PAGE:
The Exxon station is the last stop before returning the Road King to Eagle Rider.
The Exxon station is the last stop before returning the Road King to Eagle Rider.
And then it hit me. For the first time in quite a while I was riding for fun. No schedule. No deadline. Not pushing to get anywhere. The machine I ride is not a product to be evaluated, not a vehicle to be tested. It’s just the means to an end. And that end is riding. Not riding for anything or anyone. Riding to ride.

Five o’clock comes quick on a motorcycle with nothing but open roads ahead. I rolled back into the parking lot of Eagle Rider D.C. with less than 15 minutes to spare, reluctantly relinquishing the keys to Staggs. As I leave the building I give a final glance to the still warm Road King that has made my day so enjoyable. Off in the distance I hear the rumble of a bike, but I don’t pay it any attention because I’ve had my own ride today.
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Comments
Piglet2010   October 25, 2011 09:01 PM
-woodco100- A loud exhaust is heard mostly from traffic that is behind, so offers little to no safety benefit. Please post a citation of a peer reviewed study that shows a safety benefit. At least air-cooled H-B bikes are slow, so it is easy to get in front of them where the racket it less. Normally when I am in a car or truck, I try to give motos as much room as possible, but will do my best to keep those with loud exhaust behind me to avoid the irritating noise.
Piglet2010   October 25, 2011 08:56 PM
-woodco100- I agree on no helmet laws; we can thin the herd more effectively without them. And you need to educate yourself better; most government regulations are not to restrict freedom, but to grant others freedom from externalities of the irresponsible and anti-social, e.g. noise regulations so I have the freedom to go outside without having my hearing damaged by an anti-social biker, emissions regulations so I do not suffer from ozone/smog. You are really not at all about freedom, but rather putting the costs of your behavior onto the shoulders of others, which is a form of welfare. I on the other hand, do not burden my neighbors with noise, as I keep my NT700V below 2,500 rpm until I am clear of our residential development and out on the arterial street (not a hard thing to do for 4 blocks).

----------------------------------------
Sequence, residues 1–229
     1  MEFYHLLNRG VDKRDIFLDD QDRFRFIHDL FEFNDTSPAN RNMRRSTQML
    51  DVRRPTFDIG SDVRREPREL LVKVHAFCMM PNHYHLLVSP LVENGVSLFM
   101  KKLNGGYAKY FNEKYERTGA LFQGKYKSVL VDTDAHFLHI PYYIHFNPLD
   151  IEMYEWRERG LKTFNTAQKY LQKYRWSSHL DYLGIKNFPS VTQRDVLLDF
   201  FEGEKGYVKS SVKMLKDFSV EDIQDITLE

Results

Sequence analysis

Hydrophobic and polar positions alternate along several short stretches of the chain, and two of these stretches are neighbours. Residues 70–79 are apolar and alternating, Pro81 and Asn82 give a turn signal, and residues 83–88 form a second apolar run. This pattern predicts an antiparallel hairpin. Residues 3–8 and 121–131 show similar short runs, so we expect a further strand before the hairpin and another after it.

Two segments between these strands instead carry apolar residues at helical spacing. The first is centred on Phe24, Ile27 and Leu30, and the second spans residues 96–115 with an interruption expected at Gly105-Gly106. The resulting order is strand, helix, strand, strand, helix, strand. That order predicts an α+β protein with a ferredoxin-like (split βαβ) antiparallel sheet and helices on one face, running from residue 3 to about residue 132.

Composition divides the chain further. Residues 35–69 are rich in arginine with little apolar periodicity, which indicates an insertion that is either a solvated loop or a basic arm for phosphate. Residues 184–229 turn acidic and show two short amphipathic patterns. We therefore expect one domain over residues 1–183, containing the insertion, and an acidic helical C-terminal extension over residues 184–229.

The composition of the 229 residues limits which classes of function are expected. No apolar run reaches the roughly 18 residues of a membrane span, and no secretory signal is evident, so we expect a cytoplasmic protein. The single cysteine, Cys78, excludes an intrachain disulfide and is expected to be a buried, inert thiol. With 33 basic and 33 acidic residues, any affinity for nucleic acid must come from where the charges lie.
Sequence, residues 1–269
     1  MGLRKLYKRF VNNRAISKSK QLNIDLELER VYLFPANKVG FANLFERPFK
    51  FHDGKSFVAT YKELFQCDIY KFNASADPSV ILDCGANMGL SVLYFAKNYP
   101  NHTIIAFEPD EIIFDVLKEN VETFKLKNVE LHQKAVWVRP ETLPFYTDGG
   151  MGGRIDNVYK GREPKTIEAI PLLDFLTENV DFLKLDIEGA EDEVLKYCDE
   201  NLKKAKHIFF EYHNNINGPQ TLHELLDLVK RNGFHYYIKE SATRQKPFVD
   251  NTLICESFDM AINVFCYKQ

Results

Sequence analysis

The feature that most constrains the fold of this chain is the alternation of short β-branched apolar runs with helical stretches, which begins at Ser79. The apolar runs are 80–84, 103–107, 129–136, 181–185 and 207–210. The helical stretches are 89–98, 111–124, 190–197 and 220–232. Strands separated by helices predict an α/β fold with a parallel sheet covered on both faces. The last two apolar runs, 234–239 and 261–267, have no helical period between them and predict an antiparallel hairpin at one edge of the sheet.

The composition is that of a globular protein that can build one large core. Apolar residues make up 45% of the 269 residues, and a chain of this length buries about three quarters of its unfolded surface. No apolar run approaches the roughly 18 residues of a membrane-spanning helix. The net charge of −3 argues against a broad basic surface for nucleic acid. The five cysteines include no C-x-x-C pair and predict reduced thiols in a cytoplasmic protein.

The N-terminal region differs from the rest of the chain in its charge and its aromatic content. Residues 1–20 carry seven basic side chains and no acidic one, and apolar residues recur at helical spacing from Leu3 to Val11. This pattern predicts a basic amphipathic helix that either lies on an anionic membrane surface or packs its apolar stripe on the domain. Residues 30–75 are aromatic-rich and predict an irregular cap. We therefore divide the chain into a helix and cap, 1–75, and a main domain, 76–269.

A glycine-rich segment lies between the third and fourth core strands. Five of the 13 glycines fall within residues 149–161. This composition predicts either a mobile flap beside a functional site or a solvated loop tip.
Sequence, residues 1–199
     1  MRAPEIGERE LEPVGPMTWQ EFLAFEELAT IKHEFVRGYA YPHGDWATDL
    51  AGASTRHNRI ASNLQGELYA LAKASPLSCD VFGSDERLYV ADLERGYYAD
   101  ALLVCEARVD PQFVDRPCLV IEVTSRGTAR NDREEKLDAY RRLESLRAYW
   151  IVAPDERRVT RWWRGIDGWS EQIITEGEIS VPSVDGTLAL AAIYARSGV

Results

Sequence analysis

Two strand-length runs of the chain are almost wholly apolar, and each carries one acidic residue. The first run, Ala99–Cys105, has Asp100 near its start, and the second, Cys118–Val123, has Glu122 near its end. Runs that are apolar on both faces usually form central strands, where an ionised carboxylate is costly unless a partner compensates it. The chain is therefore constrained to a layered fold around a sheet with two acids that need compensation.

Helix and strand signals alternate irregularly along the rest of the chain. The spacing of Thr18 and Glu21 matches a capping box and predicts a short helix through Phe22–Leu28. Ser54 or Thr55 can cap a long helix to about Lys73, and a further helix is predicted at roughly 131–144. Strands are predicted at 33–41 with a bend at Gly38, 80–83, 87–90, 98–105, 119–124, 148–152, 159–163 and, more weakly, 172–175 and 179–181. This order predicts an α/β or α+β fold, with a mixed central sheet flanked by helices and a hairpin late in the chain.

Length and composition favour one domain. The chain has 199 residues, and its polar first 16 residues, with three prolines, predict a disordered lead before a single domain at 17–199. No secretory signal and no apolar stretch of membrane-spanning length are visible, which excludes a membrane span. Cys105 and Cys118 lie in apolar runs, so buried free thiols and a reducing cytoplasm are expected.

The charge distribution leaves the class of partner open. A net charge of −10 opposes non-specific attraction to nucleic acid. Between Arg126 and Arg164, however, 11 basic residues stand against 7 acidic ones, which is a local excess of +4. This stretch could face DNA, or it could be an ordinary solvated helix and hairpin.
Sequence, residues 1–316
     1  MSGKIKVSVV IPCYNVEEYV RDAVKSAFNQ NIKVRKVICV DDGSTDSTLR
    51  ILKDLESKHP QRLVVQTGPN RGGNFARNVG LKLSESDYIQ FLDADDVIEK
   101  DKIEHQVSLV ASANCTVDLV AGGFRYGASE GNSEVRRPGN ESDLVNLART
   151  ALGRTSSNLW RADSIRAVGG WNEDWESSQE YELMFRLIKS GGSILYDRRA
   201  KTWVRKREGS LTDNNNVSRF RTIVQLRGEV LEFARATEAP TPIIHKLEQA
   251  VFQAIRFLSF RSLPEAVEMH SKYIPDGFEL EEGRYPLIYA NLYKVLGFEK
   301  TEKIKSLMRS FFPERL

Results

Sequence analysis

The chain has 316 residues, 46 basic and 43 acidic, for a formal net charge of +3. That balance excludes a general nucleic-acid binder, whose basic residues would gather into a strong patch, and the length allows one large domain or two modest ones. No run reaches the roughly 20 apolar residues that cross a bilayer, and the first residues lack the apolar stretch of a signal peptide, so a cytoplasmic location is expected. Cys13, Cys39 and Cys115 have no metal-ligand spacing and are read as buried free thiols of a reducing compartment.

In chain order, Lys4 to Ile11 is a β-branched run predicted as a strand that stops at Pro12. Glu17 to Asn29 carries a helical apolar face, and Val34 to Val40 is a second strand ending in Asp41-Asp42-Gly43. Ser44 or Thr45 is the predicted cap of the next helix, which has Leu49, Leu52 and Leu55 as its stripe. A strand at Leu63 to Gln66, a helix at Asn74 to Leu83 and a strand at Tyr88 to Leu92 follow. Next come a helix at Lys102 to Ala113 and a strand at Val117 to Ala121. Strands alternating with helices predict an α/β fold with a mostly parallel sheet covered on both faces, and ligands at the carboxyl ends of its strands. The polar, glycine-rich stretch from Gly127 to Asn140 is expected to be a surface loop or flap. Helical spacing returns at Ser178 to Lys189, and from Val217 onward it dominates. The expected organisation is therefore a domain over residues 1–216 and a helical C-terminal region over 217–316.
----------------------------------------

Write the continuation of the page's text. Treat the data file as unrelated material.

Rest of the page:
woodco100   October 24, 2011 07:23 PM
When you hear my bike coming from a mile away you put down your phone and start looking for the motorcycle. Try that on a goofy looking NT700.

When I got my Florida DL in the 70s the only requirement for a MC endorsement was checking a box and paying $8. No test, no training, no course. Check yes, pay $8. you now have a MC endorsement. Last time I checked I was still alive.

A lot has changed in Fl since then. They dropped the helmet law, Thank God. Jeb Bush chose liberty over tyranny.

Next time someone ask you to chose between more government regulations, laws, fees, fines, taxes, rules, forms, policys and procedures or freedom.

Please choses freedom.

Ride safe. Woodco100
Poncho167   October 24, 2011 04:42 PM
Loud pipes don't save lives. That is just an excuse that people with loud bikes make to try and justify their arrogance. It is also an old wives tail if you may.

Good riding skills saves lives. It's a fact that the majority of motorcycle vs. auto accidents are caused by auto's. But, on the same token there is a lot more a motorcycle rider can do to avoid those altercations such as riding in the center of their lane when in heavy traffic or approaching intersections. Riding with high visibility clothing, and avoiding blind spots when riding in close proximity to a vehicle. Never riding side by side with another bike, and never lingering on the side of an auto too long to name a few.

Even those who have riden many miles could use a few pointers on the ever changing public roads with all these distracted drivers.

The motorcycle training courses offered in most states are generally free and a good place to update skills and road awareness.

woodco100   October 22, 2011 01:30 PM
A. So move there and rent out bikes.

B. Believe me, if they could afford real bikes they would buy them. They settle for thoses goofy looky NTs, but they want real motorcycles.

C. Who cares what they do outside of the USA anyway?

Piglet2010   October 22, 2011 11:39 AM
P.S. Outside the US, Canada and Australia, no one rides or owns a H-D other than a curiosity, unless they are a 1%er criminal thug. In any of these countries where mature adult motorcyclists are the rule rather than the exception, a NT700V is a more popular bike than any H-D. Only in the US, where we have adult age riders acting like children with their "look at me" chrome, leather and loud pipes do cruisers sell better than other motorcycles. Time to grow up and get a real motorcycle, eh?
Piglet2010   October 22, 2011 11:32 AM
-Woodco- I don't see the H-D crowd restricting their comments to cruisers, online or in real life. Maybe when they stop spouting off their ignorant ******** and gratuitous insults, the rest of us will stop commenting on H-D, eh? Don't throw stones if you live in a glass house. And loud pipes are *not* about freedom, unless you think your freedom to swing your fist extends into peoples faces. Excess noise is an assault, and people should be allowed to defend themselves.
woodco100   October 22, 2011 05:07 AM
Who are you to judge Miss Spears talent, how many songs have you written? If the purpose of being a pop singer is to sell songs then she is a grest sucess. Equally, if the purpose of building motorcycles is to sell motorcycles (and make a profit at it) then HD far exceeds anything Honda can do in the USA.

More so, you constantly go to articles about and featuring chromed out cruisers, written for folks who ride these bikes, and say your choice of MC is better. Why? Just stay on sights (sic) about your prefered MCs and comment on them.